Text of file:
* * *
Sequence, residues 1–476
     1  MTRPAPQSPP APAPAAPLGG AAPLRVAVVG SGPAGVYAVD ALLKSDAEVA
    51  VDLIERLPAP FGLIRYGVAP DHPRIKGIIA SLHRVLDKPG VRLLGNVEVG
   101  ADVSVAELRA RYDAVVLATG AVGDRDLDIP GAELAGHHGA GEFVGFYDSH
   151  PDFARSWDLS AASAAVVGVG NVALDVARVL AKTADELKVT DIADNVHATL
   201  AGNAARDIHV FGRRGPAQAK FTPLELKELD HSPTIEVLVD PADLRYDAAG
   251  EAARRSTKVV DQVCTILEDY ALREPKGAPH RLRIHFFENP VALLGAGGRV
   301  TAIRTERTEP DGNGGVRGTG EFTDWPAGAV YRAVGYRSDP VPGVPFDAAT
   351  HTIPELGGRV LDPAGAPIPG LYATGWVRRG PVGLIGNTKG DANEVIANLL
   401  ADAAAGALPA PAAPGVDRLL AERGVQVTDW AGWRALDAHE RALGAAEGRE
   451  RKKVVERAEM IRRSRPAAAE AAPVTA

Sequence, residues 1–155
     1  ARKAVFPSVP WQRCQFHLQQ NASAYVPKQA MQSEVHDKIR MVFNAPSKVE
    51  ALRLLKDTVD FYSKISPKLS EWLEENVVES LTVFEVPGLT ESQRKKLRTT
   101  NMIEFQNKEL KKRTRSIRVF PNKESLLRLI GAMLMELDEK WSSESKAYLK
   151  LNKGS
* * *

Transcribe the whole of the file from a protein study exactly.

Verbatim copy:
Sequence, residues 1–476
     1  MTRPAPQSPP APAPAAPLGG AAPLRVAVVG SGPAGVYAVD ALLKSDAEVA
    51  VDLIERLPAP FGLIRYGVAP DHPRIKGIIA SLHRVLDKPG VRLLGNVEVG
   101  ADVSVAELRA RYDAVVLATG AVGDRDLDIP GAELAGHHGA GEFVGFYDSH
   151  PDFARSWDLS AASAAVVGVG NVALDVARVL AKTADELKVT DIADNVHATL
   201  AGNAARDIHV FGRRGPAQAK FTPLELKELD HSPTIEVLVD PADLRYDAAG
   251  EAARRSTKVV DQVCTILEDY ALREPKGAPH RLRIHFFENP VALLGAGGRV
   301  TAIRTERTEP DGNGGVRGTG EFTDWPAGAV YRAVGYRSDP VPGVPFDAAT
   351  HTIPELGGRV LDPAGAPIPG LYATGWVRRG PVGLIGNTKG DANEVIANLL
   401  ADAAAGALPA PAAPGVDRLL AERGVQVTDW AGWRALDAHE RALGAAEGRE
   451  RKKVVERAEM IRRSRPAAAE AAPVTA

Sequence, residues 1–155
     1  ARKAVFPSVP WQRCQFHLQQ NASAYVPKQA MQSEVHDKIR MVFNAPSKVE
    51  ALRLLKDTVD FYSKISPKLS EWLEENVVES LTVFEVPGLT ESQRKKLRTT
   101  NMIEFQNKEL KKRTRSIRVF PNKESLLRLI GAMLMELDEK WSSESKAYLK
   151  LNKGS